“WHEN ALL IS SAID AND DONE, WHAT DO I WANT TO LEAVE BEHIND?” Be specific yet bold. After all, you are writing your legacy! For motivation check out what Sir Richard Branson has to say in an interview he gave promoting his book: “Screw Business As Usual.”
“Social entrepreneurship is the work of social entrepreneurs. A social entrepreneur recognizes a social problem and uses entrepreneurial principles to organize, create and manage a venture to achieve social change (a social venture).” – Wikipedia.
How to write a GREAT vision statement.
How to write an AMAZING mission statement.
*Research…Research…Research: Conduct significant research into your industry/industries including competitive analysis of your direct competitors. Search relevant databases such as D&B, Hoovers, Census, your local library (Science & Information business Library/SIBL in NYC) know the applicable SIC (standard industrial classification) and NAICS (North American Industry Classification) codes that pertain to your specific industry. Here’s a really cool list of resources to gather industry research and conduct competitive analyses:
* IBIS World for industry-specific research
* Key business statistics
* Weddle’s Directory of Associations
* Occupational Outlook Handbook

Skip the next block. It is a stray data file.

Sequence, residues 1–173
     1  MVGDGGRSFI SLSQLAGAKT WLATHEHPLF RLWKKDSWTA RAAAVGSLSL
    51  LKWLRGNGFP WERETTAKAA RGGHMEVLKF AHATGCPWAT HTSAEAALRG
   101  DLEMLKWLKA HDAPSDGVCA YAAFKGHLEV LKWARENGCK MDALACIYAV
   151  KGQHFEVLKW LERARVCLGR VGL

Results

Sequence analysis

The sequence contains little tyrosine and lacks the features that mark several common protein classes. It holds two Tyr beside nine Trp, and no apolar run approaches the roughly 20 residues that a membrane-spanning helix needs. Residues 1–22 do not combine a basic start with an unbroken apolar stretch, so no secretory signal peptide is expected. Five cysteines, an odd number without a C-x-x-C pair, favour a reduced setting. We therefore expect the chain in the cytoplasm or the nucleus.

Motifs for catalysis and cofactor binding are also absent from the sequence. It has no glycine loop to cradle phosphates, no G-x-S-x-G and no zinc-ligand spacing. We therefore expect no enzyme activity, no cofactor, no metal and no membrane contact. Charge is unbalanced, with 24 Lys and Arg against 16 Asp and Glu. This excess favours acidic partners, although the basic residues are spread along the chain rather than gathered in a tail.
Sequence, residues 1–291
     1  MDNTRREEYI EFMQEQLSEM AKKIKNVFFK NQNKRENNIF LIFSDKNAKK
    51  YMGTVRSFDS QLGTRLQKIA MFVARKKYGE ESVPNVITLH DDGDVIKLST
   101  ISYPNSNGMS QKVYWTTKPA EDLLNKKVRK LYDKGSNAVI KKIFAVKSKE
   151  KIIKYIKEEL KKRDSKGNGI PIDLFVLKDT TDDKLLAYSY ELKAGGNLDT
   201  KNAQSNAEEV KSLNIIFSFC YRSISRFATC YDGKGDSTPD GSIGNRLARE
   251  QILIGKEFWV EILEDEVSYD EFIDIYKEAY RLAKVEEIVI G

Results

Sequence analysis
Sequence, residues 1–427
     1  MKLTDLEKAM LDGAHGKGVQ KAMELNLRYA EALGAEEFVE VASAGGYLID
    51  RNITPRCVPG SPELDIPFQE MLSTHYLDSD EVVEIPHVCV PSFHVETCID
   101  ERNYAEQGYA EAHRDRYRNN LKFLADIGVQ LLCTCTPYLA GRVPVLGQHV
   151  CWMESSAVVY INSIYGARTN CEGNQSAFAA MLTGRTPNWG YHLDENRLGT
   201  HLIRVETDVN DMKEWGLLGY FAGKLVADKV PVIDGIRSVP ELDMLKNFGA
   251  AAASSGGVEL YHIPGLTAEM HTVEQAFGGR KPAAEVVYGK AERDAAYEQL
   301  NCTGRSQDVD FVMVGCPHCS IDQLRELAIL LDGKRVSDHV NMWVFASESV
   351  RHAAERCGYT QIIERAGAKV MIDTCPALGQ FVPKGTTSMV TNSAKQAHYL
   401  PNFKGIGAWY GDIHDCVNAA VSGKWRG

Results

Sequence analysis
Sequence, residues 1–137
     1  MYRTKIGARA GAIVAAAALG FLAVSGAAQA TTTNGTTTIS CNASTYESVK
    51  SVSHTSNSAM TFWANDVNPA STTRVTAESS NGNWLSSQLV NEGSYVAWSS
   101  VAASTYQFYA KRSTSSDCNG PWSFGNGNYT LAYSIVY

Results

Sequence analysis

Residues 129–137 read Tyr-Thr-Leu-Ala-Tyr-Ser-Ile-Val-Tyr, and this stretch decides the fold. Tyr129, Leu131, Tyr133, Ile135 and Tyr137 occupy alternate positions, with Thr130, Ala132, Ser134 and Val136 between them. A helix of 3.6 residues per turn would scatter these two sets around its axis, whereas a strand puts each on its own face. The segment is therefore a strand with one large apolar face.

* Industrial Reports:
* E-commerce research
* Mintel Reports for industry-specific research
* NY Public Library Small Business Resource Center
* U.S. Census FactFinder (NY Demographic/geographic data)
* NYC Community District Profiles:
* New Jersey State Library
* Moody’s
* Gale Encyclopedia of Associations, Directory of Publications & Broadcast Media, Encyclopedia of Business Information Sources, Encyclopedia of Management and Small Business Management, consultant’s and consulting Organizations directory.
* Securities & Exchange Commission E.D.G.A.R database for quarterly & annual reports from publicly-traded companies
* Choose the Right Legal Structure: You have five (5) choices to select from for your legal structure:
* Sole proprietorship
* Partnership
* Limited Liability Corp. (LLC)
* C Corp.
* S Corp.
*Solicit Feedback How to Start a Business From the Experts: Talk to as many people as you can who resemble your target segment. Remember your ideal customer profile. Ask them as many questions as you can about their feelings towards your proposed product/service ideas, have they bought these products before, who have the bought them from, where did they buy them, how much would they be willing to pay for them, etc. Asking people most closely aligned to what you have to offer is called gathering primary research and it is absolutely critical to gaining a better understanding of your ideal customer and the potential demand for your offerings.